Thanks for the inquiry! The simple answer is that the ‘content that matters most’ or the major work of the grades in K-8, can be found in the focus documents. When you find your grade and start to examine the math, it’s important to know that the major work clusters of each grade were not randomly selected but are based on research that the standards themselves were grounded in and mirror content taught most extensively in high performing countries. The more complex answer, is that it’s also important to consider what the student is struggling with in regards to grade-level work. So sometimes this might mean prioritizing extra support efforts on grade-level focus standards. Other times this might mean connecting content students are struggling with to content from previous grades. An additional resource that can help illustrate those connections is the Coherence Map.

While working with a 7th grade student on computations with integers, I discovered he does not know his multiplication facts. How can I intervene to help this student?

Hi Virginia,

Thanks for reaching out. Filling in those fluency gaps is important. For some expedited remediation, we’d recommend doing some of the multiplication-related fluency activities found in these grade-by-grade guides: https://achievethecore.org/page/2948/fluency-resources-for-grade-level-routines. You should be looking in grades 3-5, and you can select the grade-level based on the student’s current proficiency. You also might find this blog post from standards’ author Jason Zimba helpful: https://achievethecore.org/aligned/using-flashcards-in-math/. In this article he describes how to efficiently use flash cards to improve fluency with math facts–the key is to stop going over facts the student knows, and really hone in on the ones the student is struggling to remember.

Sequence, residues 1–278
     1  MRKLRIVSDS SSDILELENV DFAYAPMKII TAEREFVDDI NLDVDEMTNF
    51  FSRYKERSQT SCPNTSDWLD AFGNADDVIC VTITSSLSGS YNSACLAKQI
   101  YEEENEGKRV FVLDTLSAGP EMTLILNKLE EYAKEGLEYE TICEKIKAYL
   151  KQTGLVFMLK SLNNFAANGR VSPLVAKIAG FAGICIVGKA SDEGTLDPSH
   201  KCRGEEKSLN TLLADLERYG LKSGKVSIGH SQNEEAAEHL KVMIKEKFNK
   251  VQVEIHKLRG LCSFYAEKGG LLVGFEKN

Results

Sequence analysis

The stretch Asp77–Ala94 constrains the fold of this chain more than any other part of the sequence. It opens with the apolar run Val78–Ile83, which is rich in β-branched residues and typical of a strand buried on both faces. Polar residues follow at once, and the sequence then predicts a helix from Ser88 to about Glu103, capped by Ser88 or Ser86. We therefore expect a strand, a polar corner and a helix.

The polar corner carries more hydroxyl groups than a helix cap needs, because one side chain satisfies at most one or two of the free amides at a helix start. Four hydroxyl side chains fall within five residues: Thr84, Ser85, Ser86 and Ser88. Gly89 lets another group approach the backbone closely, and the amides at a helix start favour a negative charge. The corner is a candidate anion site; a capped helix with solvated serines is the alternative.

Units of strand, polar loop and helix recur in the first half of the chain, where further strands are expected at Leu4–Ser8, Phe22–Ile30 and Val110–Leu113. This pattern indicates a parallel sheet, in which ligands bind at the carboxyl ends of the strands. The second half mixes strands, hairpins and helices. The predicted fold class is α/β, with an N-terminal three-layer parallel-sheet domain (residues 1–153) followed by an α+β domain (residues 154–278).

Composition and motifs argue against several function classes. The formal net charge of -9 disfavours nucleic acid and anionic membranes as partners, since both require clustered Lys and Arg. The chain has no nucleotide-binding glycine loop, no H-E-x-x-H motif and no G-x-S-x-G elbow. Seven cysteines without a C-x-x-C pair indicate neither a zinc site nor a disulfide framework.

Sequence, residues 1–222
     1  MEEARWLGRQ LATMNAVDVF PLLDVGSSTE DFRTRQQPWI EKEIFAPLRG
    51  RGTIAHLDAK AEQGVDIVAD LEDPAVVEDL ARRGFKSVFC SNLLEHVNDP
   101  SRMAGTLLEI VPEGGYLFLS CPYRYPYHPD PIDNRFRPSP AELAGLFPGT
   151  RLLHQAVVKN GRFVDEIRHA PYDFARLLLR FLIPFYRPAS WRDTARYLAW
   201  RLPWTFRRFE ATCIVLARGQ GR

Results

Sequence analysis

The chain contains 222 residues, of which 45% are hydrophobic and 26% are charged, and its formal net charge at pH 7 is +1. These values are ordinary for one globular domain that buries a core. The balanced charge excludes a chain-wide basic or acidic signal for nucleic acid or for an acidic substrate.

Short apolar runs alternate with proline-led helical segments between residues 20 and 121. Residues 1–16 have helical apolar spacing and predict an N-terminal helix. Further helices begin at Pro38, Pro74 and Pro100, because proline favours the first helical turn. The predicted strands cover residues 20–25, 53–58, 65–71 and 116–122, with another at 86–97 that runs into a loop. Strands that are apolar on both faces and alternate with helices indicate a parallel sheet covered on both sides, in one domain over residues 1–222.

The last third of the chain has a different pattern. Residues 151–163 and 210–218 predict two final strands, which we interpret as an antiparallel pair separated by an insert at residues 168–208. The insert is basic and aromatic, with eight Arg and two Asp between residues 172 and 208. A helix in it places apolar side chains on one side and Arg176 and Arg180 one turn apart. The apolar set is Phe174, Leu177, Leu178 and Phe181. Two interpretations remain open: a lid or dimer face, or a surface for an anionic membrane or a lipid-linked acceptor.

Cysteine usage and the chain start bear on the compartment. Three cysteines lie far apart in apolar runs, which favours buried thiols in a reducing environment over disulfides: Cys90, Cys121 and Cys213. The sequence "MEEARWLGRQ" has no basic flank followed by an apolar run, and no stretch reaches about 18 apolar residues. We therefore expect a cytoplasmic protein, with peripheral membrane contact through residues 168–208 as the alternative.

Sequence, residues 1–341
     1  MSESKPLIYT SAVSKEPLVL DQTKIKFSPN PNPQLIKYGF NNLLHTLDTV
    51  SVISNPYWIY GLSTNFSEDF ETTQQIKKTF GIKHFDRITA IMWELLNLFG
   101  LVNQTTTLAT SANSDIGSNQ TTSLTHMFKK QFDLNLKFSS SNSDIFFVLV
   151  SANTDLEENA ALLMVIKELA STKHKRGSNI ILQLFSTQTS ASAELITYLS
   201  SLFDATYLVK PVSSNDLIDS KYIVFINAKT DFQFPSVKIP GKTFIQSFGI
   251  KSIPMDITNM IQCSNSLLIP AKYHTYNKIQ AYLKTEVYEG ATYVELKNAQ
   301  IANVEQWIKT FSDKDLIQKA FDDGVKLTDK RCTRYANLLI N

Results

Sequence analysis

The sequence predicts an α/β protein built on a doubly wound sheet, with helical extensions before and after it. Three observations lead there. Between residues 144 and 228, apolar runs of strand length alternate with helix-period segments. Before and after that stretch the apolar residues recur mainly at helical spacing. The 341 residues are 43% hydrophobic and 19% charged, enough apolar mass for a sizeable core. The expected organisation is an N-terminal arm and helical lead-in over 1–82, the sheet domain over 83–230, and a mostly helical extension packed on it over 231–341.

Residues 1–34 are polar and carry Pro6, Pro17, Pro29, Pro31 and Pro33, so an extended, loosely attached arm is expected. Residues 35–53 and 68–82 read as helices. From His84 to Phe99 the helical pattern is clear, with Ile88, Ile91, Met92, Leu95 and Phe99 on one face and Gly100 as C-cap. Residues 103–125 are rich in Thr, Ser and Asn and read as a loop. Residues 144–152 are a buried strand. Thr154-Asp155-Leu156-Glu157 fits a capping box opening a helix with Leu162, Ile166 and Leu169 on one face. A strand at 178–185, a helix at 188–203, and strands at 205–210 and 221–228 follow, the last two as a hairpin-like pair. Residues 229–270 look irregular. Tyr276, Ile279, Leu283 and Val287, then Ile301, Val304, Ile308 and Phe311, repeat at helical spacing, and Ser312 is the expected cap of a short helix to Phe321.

Making sure to connect intervention to current grade level makes sense to me when students are 1-2 years behind, but what about when they are more behind than that? We have a few kids in our school who don’t qualify for IEPs but who are 2-3 years behind in grade level content.

This is definitely a concern, especially with the drastic changes these last two school years. We are going to be seeing more and more of this. I’m interested to hear some feedback on this too!

I am guilty of re-teaching students with previously used and failed strategies. Do you have a suggestion for resources for high school Math 1-2-3 … methods for re-teaching examples? I was thinking about preparing a PLC using the Shifts-Aligned Interventions. Is there a place I could find “examples” of the Common Missteps and Recommendations in a high school math class would look like?

SVMI discusses re-engagement lessons. Good examples are the MARS tasks developed by the Shell Centre et al. https://www.map.mathshell.org/

which was part of a broader effort https://www.mathshell.org/ba_mars.htm

I can see the reteaching all gaps can take away from understanding future lessons. I try to only focus on what’s essential for success. Example, multiplying small numbers in order to create equivalent fractions for fourth graders.

reteaching in order to fill in the gaps does not have to be a time consuming process. When I taught elementary this often required several targeted mini lessons with the child’s stakeholders. Quick but consistent strategies from websites, manipulatives/games, flashcards, etc. I feel the key to success is an understanding of the student’s learning modality then nearly daily follow up.

This article made me reflect on prior years and how it was stressful trying to reteach. Instead I could have provided a new experience for students to re-engage as needed. Now my focus will be to focus on rigor when designing extra practice tasks and activities using the explicit standards to guide me. Then I know I have to prioritize essential skills needed to complete the upcoming lessons.

This article make me reflect on how I was trying to plan reteaching in previous years rather than look at the big picture and apply the same principles that I applied for planning of whole class instruction. I will facilitate rich and rigorous learning experiences.

Allowing extra time to fill gaps is simply not enough. Students need past content to be presented with new content in order to create rigor and create educational progression within the classroom.

I agree with this article that over-reliance on computer based educational programs is a real thing. Some struggling schools make students spend way too much time on Iready in hopes of boosting test scores. While Iready is a great program, many students are tactile learners and need other techniques to help them learn. Also, it is not healthy to spend too much time in front of a computer screen.